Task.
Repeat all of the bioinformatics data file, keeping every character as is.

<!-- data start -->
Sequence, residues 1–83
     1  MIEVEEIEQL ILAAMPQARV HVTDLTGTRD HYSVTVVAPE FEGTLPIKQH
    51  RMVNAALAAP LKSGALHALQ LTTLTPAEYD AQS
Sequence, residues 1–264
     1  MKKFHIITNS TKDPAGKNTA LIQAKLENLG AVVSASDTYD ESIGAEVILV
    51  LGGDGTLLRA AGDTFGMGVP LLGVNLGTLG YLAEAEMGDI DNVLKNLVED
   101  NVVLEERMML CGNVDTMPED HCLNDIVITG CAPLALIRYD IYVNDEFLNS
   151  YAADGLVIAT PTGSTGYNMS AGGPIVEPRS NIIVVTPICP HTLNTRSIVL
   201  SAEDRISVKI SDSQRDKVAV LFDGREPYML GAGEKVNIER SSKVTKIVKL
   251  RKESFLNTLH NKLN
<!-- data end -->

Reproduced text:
Sequence, residues 1–83
     1  MIEVEEIEQL ILAAMPQARV HVTDLTGTRD HYSVTVVAPE FEGTLPIKQH
    51  RMVNAALAAP LKSGALHALQ LTTLTPAEYD AQS
Sequence, residues 1–264
     1  MKKFHIITNS TKDPAGKNTA LIQAKLENLG AVVSASDTYD ESIGAEVILV
    51  LGGDGTLLRA AGDTFGMGVP LLGVNLGTLG YLAEAEMGDI DNVLKNLVED
   101  NVVLEERMML CGNVDTMPED HCLNDIVITG CAPLALIRYD IYVNDEFLNS
   151  YAADGLVIAT PTGSTGYNMS AGGPIVEPRS NIIVVTPICP HTLNTRSIVL
   201  SAEDRISVKI SDSQRDKVAV LFDGREPYML GAGEKVNIER SSKVTKIVKL
   251  RKESFLNTLH NKLN